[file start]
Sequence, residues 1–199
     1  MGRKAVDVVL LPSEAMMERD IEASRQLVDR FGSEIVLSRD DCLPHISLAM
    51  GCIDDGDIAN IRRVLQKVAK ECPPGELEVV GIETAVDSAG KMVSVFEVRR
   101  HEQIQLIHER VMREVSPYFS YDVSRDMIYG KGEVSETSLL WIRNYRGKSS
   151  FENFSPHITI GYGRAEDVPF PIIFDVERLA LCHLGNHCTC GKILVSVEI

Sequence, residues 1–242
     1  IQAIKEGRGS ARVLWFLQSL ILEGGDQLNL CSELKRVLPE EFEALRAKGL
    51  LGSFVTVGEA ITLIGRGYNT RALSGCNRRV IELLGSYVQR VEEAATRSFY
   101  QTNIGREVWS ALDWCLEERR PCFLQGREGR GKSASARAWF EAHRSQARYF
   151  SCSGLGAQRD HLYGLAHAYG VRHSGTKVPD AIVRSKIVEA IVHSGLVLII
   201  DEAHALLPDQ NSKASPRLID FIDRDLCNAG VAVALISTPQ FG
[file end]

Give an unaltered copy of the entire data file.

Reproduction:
Sequence, residues 1–199
     1  MGRKAVDVVL LPSEAMMERD IEASRQLVDR FGSEIVLSRD DCLPHISLAM
    51  GCIDDGDIAN IRRVLQKVAK ECPPGELEVV GIETAVDSAG KMVSVFEVRR
   101  HEQIQLIHER VMREVSPYFS YDVSRDMIYG KGEVSETSLL WIRNYRGKSS
   151  FENFSPHITI GYGRAEDVPF PIIFDVERLA LCHLGNHCTC GKILVSVEI

Sequence, residues 1–242
     1  IQAIKEGRGS ARVLWFLQSL ILEGGDQLNL CSELKRVLPE EFEALRAKGL
    51  LGSFVTVGEA ITLIGRGYNT RALSGCNRRV IELLGSYVQR VEEAATRSFY
   101  QTNIGREVWS ALDWCLEERR PCFLQGREGR GKSASARAWF EAHRSQARYF
   151  SCSGLGAQRD HLYGLAHAYG VRHSGTKVPD AIVRSKIVEA IVHSGLVLII
   201  DEAHALLPDQ NSKASPRLID FIDRDLCNAG VAVALISTPQ FG